Effective self-management, including adherence to medication, physical activity, and diet regimens, is essential to maintaining health and well-being in people living with HIV/AIDS (PLWH). Despite best efforts of providers and patients, self-management adherence is less than optimal, leading to subsequent health complications and poor health outcomes. This study will build on previous findings related to executive functioning in developing greater understanding of influences on self-management, identifying targets for intervention. The cognitive, ?top-down? process of executive functioning is the mechanism by which a person decides to adhere or not adhere to a given self-management task. Executive functioning is comprised of three major components (inhibitory control, working memory, and cognitive flexibility) and individuals with higher levels of executive functioning demonstrate better adherence to some self-management tasks, such as maintaining a healthy diet. Despite some evidence that these components have relationships with self-management adherence tasks (e.g. inhibitory control has the strongest effects on decisions about diet and physical activity), specific effects of each component on specific self-management tasks, particularly in PLWH, have not been comprehensively tested. Symptoms (e.g. fatigue, pain, depression) also demonstrate a negative association with self-management adherence. This association is especially important to PLWH as they have a high (over 50%) incidence of one or more HIV-related symptom, increasing risk for poor self-management adherence/outcomes. Higher levels of symptoms also are associated with poorer executive functioning levels. Together, these findings suggest there are associations among executive functioning, HIV-related symptoms, and self-management in PLWH, though this hypothesis has not been explored. Building on these findings, this supplemental study will explore these important gaps in HIV/AIDS self-management literature. This is a cross-sectional, descriptive supplement to the PROSPER-HIV parent grant.
Aims are to: (1) explore the effect of executive functioning (inhibitory control, working memory, cognitive flexibility) on self- management adherence (global self-management, medication adherence, diet, physical activity); (2) examine HIV-related symptom moderation of the executive function/self-management adherence process. We will recruit 200 participants enrolled in PROSPER-HIV over a two-year period to examine these aims. The supplement will abstract gold-standard measures of diet and physical activity, as well HIV-related symptoms, from the PROSPER-HIV database while adding executive function testing as a new study component. When this study is complete, we will be able to evaluate the impact of executive functioning and HIV-related symptoms on self-management adherence in PLWH. Findings will support future self-management research, including development of targeted interventions in order to improve adherence in PLWH.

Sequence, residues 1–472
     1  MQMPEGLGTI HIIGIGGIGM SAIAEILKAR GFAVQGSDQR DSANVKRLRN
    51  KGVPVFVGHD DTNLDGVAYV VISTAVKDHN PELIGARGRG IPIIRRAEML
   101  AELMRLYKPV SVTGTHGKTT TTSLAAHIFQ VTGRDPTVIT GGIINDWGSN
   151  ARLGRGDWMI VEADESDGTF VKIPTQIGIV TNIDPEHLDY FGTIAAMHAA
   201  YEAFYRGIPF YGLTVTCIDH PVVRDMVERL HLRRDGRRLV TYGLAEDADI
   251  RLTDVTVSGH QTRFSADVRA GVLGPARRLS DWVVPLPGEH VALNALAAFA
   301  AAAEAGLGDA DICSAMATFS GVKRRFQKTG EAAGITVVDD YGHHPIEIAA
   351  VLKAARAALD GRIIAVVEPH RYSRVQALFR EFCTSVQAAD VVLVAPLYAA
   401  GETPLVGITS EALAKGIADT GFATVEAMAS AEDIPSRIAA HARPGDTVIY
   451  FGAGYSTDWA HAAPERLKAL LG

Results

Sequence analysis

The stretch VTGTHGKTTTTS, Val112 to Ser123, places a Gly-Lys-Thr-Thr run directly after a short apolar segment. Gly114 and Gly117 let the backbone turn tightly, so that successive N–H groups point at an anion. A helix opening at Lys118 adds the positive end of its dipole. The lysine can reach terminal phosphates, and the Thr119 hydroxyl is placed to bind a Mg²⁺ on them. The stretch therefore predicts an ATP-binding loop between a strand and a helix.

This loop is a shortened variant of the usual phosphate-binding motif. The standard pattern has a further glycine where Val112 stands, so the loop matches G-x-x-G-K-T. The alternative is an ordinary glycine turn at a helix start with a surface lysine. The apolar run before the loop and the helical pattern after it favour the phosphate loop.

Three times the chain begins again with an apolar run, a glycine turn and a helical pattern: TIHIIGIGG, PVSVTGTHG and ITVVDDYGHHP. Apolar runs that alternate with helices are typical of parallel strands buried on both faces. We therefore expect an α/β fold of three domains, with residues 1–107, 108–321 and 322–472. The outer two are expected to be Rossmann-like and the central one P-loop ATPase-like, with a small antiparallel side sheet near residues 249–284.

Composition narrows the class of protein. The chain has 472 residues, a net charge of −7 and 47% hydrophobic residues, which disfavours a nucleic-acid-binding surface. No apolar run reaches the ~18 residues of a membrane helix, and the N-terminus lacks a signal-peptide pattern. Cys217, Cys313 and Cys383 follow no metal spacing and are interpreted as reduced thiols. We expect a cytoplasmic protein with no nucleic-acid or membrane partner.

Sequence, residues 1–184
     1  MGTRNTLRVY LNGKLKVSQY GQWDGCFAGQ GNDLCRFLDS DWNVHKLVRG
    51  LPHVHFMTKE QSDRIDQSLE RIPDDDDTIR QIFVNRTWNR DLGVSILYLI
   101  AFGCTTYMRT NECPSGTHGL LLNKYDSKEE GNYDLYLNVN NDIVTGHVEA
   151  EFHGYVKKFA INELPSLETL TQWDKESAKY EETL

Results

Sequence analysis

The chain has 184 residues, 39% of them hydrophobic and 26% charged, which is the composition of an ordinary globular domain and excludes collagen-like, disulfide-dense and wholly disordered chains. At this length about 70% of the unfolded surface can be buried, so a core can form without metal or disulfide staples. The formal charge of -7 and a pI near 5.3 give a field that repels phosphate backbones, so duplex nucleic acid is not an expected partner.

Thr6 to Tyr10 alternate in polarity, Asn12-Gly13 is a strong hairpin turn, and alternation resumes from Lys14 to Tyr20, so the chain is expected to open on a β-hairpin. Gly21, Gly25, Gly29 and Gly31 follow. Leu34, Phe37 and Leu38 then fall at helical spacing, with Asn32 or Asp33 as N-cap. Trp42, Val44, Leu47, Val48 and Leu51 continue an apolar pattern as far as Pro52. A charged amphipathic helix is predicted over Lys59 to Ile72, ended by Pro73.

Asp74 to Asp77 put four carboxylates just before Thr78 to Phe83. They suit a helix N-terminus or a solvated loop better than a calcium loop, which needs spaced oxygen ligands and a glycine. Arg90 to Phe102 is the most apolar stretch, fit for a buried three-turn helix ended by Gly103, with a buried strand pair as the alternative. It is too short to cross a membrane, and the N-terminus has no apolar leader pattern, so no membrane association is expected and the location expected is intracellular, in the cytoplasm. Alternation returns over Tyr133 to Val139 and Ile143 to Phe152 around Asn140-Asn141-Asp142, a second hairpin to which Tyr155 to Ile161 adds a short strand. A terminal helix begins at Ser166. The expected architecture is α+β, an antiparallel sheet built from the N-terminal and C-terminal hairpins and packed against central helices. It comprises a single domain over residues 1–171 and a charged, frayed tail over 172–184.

Public Health Relevance

Strategies improving self-management adherence among PLWH are urgently needed. To meet this public health need, we are proposing to test negative influence of HIV-related symptoms on the brain-behavior link between executive function and self-management adherence, an essential cognitive process driving self- management decision making. Findings will generate new scientific knowledge in HIV self-management.

National Institute of Health (NIH)
National Institute of Nursing Research (NINR)
Research Project (R01)
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Behavioral and Social Consequences of HIV/AIDS Study Section (BSCH)
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Henry, Rebecca
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Case Western Reserve University
Schools of Nursing
United States
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Webel, Allison R; Willig, Amanda L; Liu, Wei et al. (2018) Physical Activity Intensity is Associated with Symptom Distress in the CNICS Cohort. AIDS Behav :
Webel, Allison; Prince-Paul, Maryjo; Ganocy, Stephen et al. (2018) Randomized clinical trial of a community navigation intervention to improve well-being in persons living with HIV and other co-morbidities. AIDS Care :1-7